Following news earlier this week that U.S. auto industry sales fell by 6% in May, JP Morgan Chase & Co (JPM) CEO Jamie Dimon, in a meeting with investors on Thursday, warned that the market for auto lending looked “a little stressed.” While reassuring investors that JP Morgan Chase was safe, Dimon projected that competing banks would likely see increased losses.
The recent drop in sales for the month of May comes on the heels of the best year on record for auto sales. U.S. auto sales reached 17.47 million vehicles for all of 2015, a number which breaks the previous record of 17.41 million set in 2000. (To read more, see: Ford’s May Auto Sales Disappoint.)
While low fuel prices and moderate economic growth have been cited as reasons for the boom, easy credit, especially for subprime borrowers, cannot be ignored.
In 2015, average financing for a new car loan rose to nearly $28,000, the highest level since March 2008, when the Federal Reserve first began collecting such data. Much of the growth in auto financing is being led by subprime auto loans, which, as of March, made up a record 20.8% of the new auto loan market.
The “stress” in the auto loan market that Dimon mentioned is no doubt in reference to the uptick in defaults amongst subprime borrowers. According to Fitch Ratings, while the rate of defaults on subprime auto loans experienced a slight reprieve in March falling to 4.15%, this drop comes after the rate reached a 20-year high in February of 5.16%.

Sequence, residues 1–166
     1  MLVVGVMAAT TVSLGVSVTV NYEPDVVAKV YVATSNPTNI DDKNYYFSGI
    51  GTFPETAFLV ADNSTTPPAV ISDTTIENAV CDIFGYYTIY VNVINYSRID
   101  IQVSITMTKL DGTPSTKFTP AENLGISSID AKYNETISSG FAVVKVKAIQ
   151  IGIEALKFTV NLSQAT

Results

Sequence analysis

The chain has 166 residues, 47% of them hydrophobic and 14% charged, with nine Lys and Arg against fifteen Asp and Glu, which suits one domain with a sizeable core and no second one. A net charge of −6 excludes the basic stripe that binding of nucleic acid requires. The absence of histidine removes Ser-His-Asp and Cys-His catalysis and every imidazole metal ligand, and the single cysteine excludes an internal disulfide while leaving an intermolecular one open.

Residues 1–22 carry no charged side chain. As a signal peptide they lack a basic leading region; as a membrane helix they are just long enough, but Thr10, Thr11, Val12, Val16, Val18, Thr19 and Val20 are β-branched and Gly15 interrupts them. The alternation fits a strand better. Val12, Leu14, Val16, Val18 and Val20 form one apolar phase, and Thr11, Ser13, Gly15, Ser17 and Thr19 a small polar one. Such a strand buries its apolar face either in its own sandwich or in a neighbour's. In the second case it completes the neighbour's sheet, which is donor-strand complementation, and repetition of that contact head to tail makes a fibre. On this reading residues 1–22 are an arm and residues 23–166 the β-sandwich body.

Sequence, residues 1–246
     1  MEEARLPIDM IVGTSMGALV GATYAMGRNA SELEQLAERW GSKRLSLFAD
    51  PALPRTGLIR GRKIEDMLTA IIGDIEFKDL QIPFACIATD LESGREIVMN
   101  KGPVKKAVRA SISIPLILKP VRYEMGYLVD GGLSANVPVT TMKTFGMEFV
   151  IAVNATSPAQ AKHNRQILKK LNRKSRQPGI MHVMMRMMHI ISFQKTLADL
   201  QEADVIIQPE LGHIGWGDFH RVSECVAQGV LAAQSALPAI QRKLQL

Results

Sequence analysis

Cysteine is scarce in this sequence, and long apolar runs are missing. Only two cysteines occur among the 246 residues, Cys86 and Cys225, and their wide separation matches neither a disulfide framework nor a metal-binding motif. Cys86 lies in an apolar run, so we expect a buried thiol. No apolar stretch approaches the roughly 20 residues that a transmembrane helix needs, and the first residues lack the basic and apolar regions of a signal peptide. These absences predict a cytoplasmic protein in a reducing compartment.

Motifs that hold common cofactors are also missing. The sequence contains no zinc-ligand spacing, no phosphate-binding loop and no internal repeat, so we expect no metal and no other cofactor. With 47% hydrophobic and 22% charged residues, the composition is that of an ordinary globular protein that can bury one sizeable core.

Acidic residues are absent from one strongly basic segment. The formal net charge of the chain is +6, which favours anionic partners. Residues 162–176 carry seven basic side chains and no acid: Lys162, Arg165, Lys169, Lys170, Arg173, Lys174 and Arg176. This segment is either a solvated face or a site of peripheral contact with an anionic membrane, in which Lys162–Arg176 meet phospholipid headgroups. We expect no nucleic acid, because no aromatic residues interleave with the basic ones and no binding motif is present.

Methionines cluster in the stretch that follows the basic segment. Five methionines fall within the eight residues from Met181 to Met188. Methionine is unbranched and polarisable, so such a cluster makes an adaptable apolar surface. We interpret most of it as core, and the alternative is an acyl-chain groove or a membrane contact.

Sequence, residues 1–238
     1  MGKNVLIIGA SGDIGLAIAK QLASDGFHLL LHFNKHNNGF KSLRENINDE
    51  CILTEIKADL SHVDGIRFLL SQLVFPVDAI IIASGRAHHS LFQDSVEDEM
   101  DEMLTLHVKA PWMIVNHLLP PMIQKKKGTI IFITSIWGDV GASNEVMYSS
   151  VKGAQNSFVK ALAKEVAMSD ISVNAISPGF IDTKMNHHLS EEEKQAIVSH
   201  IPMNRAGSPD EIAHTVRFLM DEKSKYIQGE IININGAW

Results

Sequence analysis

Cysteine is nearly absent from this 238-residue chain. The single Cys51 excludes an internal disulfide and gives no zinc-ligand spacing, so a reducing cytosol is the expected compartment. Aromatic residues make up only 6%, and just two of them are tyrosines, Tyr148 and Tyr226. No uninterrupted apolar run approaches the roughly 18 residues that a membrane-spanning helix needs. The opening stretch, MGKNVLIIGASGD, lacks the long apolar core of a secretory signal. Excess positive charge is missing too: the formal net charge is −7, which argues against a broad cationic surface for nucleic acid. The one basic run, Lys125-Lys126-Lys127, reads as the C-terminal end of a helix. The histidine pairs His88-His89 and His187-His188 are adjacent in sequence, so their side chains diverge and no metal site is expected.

The rate of annualized net losses in March, while also down from the previous month, were still 30.4% higher over the same period from the previous year. Fitch cited lax underwriting standards as one of the causes for the increase in subprime auto loans, and this increase in subprime lending is expected to push delinquency and loss levels higher. (To read more, see: Subprime Auto Loans: What Borrowers Should Know.)
The Bottom Line
The spike in subprime auto loans coupled with increasing delinquency rates and now falling auto sales sounds reminiscent of an episode that began nearly 10 years ago.
While some believe that differences between the automobile market and housing market make worries of a new financial crisis overblown, the situation could become problematic if large-scale defaults begin having downward pressure on automobile prices making it difficult for repossessed vehicles to be resold by lenders trying to recoup losses.
While noting that JP Morgan is safe, Dimon was quoted as saying, “Someone will get hurt in auto lending.”